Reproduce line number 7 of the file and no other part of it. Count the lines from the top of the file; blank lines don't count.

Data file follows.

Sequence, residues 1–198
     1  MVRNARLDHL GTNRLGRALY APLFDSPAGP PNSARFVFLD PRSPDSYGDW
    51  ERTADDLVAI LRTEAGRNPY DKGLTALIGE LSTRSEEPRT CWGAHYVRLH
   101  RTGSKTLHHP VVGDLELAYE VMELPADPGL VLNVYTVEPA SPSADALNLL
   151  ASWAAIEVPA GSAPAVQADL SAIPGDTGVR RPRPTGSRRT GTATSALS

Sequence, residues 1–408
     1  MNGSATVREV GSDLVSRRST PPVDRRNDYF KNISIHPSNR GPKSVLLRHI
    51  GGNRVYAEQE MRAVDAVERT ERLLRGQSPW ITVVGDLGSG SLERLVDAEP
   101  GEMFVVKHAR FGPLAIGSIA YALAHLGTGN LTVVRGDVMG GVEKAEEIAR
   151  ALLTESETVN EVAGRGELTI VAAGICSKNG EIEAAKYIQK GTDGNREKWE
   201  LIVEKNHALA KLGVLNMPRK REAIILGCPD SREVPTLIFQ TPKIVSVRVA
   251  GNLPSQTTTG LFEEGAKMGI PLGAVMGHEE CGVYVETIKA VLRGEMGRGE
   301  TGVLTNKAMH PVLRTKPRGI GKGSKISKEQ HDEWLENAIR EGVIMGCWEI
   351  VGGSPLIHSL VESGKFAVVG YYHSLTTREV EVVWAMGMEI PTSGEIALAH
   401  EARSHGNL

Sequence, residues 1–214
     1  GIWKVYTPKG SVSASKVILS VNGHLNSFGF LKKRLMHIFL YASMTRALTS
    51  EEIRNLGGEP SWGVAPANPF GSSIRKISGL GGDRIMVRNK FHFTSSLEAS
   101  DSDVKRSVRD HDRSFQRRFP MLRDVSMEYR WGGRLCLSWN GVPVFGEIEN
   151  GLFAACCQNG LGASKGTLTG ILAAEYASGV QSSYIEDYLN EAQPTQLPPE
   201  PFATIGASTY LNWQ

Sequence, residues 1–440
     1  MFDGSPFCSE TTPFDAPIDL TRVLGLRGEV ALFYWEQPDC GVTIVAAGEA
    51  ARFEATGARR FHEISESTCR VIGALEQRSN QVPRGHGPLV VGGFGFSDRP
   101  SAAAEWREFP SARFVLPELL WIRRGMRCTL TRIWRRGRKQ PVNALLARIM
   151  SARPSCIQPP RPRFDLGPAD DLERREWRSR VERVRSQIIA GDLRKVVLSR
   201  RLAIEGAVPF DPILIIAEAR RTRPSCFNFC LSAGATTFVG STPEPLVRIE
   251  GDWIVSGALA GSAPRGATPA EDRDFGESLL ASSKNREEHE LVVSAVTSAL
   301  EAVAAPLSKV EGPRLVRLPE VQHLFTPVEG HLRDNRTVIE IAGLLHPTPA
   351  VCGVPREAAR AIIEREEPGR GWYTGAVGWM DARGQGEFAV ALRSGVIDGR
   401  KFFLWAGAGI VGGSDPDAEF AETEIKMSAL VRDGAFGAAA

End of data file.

     1  MNGSATVREV GSDLVSRRST PPVDRRNDYF KNISIHPSNR GPKSVLLRHI